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While being pummeled on his ticket’s tax plans in the debate Thursday night, Congressman Paul Ryan told Vice President Joe Biden that there are the six studies that back up the proposal to cut taxes and close loopholes in a revenue-neutral way.
I don’t know about you, but when I hear the term “study,” and especially “tax study,” I picture a 15- or 40- or 100-page document, bound in metal rings or in the pdf format, and filled with charts and tables and footnotes. I don’t think of op-eds in The Wall Street Journal or blog posts. Nothing against either, you understand. I used to make a living editing and writing for op-ed pages and I now make one as a blogger. But I’d be rotflmao at myself if I ever referred to this work as “studies.”
Yet that is exactly the mischaracterization Ryan gave to three blog-posts, one op-ed and one Romney campaign white paper. Although its author calls it a “working paper,” one of the studies, a 15-page document by Harvey S. Rosen at Princeton University’s Griswold Center for Economic Policy Studies, actually qualifies for the term. Not that it makes a good case. But at least it actually can be considered an honest-to-goodness study of the Romney (Ryan) plan.
The other five “studies” are analyses or sheer propaganda and riddled with problems.
The controversy arose when The Tax Policy Center published a paper Aug. 1 saying the Romney plan was a no-go because the rate cuts the candidate was proposing would provide $86 billion more tax givebacks for people earning $200,000 or more than would be covered by eliminating tax expenditures for that tier of Americans. TPC said that to keep from boosting the deficit, as he promised not to do, he would have to raise taxes, significantly, on the middle class, something he also promised not to do.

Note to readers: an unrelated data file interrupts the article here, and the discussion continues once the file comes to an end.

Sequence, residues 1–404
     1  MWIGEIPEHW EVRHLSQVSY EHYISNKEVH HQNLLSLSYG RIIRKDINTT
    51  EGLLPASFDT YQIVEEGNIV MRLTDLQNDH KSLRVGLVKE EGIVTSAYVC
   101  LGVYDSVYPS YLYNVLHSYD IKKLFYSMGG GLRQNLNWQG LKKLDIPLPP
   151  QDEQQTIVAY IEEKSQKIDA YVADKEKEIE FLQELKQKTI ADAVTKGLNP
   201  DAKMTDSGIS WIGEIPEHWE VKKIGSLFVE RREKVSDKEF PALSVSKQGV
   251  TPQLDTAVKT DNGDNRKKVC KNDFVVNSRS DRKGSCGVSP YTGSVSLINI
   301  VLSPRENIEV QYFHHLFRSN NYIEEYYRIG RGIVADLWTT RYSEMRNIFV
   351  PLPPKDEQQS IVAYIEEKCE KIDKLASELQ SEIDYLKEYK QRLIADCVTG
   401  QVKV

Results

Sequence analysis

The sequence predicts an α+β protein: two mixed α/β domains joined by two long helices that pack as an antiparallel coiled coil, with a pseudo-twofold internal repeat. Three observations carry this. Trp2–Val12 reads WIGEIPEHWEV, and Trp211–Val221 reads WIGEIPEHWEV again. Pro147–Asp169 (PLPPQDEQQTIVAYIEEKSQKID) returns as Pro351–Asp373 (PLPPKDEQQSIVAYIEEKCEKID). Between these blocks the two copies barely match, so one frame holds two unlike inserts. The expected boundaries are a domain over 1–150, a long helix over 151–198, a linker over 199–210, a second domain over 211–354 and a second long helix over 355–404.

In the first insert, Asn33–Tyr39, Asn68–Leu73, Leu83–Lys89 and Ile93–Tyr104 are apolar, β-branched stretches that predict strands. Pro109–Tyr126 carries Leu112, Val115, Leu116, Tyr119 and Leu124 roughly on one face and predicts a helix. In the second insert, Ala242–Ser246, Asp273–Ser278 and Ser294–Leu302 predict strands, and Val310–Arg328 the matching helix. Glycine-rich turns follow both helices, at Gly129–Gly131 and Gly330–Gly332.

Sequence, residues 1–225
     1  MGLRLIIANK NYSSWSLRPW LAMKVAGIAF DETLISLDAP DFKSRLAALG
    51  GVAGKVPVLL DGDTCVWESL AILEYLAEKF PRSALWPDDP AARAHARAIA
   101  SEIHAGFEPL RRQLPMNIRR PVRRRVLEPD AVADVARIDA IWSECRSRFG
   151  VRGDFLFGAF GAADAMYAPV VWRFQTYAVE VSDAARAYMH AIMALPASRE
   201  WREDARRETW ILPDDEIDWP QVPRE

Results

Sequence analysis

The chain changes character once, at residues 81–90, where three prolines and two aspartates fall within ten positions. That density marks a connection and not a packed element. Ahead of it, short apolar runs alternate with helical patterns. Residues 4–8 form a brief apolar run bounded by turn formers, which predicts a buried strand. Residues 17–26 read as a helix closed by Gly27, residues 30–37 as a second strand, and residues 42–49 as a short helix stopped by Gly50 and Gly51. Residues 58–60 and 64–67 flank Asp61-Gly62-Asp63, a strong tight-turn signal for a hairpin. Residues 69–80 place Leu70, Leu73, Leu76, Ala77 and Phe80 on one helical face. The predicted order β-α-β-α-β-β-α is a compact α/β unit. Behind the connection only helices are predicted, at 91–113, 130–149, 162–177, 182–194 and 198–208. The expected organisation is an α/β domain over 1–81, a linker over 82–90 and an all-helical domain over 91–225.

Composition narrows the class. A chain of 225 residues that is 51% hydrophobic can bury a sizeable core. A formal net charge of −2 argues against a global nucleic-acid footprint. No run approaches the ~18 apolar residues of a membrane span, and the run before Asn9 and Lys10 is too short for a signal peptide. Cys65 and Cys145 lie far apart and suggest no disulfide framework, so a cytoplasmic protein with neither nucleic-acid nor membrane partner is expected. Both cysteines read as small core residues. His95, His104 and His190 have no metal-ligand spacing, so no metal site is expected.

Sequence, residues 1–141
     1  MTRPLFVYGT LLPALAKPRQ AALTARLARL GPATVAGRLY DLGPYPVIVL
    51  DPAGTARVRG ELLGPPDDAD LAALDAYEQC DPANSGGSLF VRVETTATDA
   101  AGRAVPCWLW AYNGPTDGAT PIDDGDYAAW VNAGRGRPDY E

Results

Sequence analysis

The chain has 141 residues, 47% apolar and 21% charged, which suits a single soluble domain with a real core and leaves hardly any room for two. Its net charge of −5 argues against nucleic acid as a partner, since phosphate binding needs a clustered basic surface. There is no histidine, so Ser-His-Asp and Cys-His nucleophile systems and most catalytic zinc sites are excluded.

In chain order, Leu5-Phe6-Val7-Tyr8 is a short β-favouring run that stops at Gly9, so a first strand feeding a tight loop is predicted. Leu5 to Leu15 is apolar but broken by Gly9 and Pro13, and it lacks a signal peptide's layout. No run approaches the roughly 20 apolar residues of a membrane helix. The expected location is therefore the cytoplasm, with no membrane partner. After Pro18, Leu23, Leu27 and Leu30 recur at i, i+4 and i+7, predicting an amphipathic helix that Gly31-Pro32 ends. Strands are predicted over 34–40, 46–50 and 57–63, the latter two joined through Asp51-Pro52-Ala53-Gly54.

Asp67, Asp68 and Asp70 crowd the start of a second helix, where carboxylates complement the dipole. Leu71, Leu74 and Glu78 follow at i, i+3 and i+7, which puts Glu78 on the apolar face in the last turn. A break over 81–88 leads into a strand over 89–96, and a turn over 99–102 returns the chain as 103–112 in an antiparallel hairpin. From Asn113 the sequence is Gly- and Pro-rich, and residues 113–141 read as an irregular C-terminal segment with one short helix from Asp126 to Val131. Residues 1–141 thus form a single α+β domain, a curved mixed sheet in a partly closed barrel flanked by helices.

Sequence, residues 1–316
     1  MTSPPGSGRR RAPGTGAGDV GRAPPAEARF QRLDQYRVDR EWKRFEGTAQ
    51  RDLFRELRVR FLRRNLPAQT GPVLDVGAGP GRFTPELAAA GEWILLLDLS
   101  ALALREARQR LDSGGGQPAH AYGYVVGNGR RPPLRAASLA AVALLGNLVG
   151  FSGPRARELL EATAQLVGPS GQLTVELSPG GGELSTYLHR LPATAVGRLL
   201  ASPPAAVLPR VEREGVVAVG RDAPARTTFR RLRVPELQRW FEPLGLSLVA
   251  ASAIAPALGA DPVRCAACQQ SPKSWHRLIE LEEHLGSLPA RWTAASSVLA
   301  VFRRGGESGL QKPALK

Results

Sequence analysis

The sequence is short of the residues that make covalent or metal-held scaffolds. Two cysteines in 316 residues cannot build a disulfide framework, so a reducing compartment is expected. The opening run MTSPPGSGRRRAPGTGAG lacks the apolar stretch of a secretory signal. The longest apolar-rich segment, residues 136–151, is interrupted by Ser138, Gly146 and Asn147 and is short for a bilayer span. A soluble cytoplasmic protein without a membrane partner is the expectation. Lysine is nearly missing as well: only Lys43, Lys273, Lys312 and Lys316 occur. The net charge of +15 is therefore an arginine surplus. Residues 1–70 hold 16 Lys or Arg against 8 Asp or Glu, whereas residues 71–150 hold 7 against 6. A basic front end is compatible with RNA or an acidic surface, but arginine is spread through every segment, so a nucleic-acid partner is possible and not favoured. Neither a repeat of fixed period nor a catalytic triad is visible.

The inadequacies of the plan flashed around the media and blogosphere. But Thursday night Ryan tried to tart it up with those six-studies-credentials.
Matthew O’Brien at The Atlantic has a succinct, linked overview of the study and five analyses, taking them apart in a paragraph each. Ultimately, he writes:
Romney’s plan only works if you assume he has a different plan or use a magic growth asterisk. And that means we have no idea what he would do if he wins. Does he care more about his tax rate cuts, about not hiking taxes on the middle class, or not increasing the deficit? His adviser Kevin Hassett suggested they would back off the high-end tax rate cuts if it would increase the deficit, but Romney quickly denied that. He’s also denied reality, by relying on studies that only prove his critics’ point.
Economist Josh Barro, hardly a liberal, has been hammering away on Romney’s economic plan since exactly a year ago when he suggested for the first time that perhaps Romney had something secret in mind for the economy because the candidate’s 160-page proposal with its 59 bullet points didn’t provide the right prescription in spite of all its verbiage.
A year later, on Friday, Barro had the most thorough smackdown of the six “studies.” He dissected them with scalpel and ax.
Here is what he wrote about an op-ed and blog post by Martin Feldstein:
Feldstein ran the numbers and said Romney can cut tax rates by 20 percent and eliminate enough tax expenditures to balance the budget without raising taxes on the middle class. But Feldstein defines “middle class” differently than Romney does.
Feldstein allows for tax increases on people making more than $100,000. But on Sept. 14, Romney told ABC’s George Stephanopoulos that he would hold people making less than $200,000 or $250,000 harmless from tax increases.
The Romney campaign, therefore, is dishonest in saying Feldstein’s analyses “confirm the soundness” of Romney’s tax plan. Feldstein is analyzing a different tax plan, which would allow tax increases on taxpayers making between $100,000 and $200,000. That’s a large group, accounting for 24 percent of all adjusted gross income in 2009. But it’s a group Romney has pledged not to touch.
The trouble with such analyses-of-the-analyses is that they pretty much accept the terms of discussion as set forth by the campaign and centrist or center-right economists in general. That’s a narrow band. For progressives, critiques ought to go further, including the ideas of the Modern Monetary Theorists and others who want something fresh that soars beyond the conventional thought of economists who merely reject the perspective of the Right.
We know Mitt Romney and Paul Ryan’s plans are retrograde blueprints for returning us to the halcyon days of the Gilded Age. Ditching those is a no-brainer. But we need a lot more discussion from more diverse perspectives of what we think a truly progressive economy—an environmentally sustainable, financially equitable and dynamic economy—would look like. And of how we get there.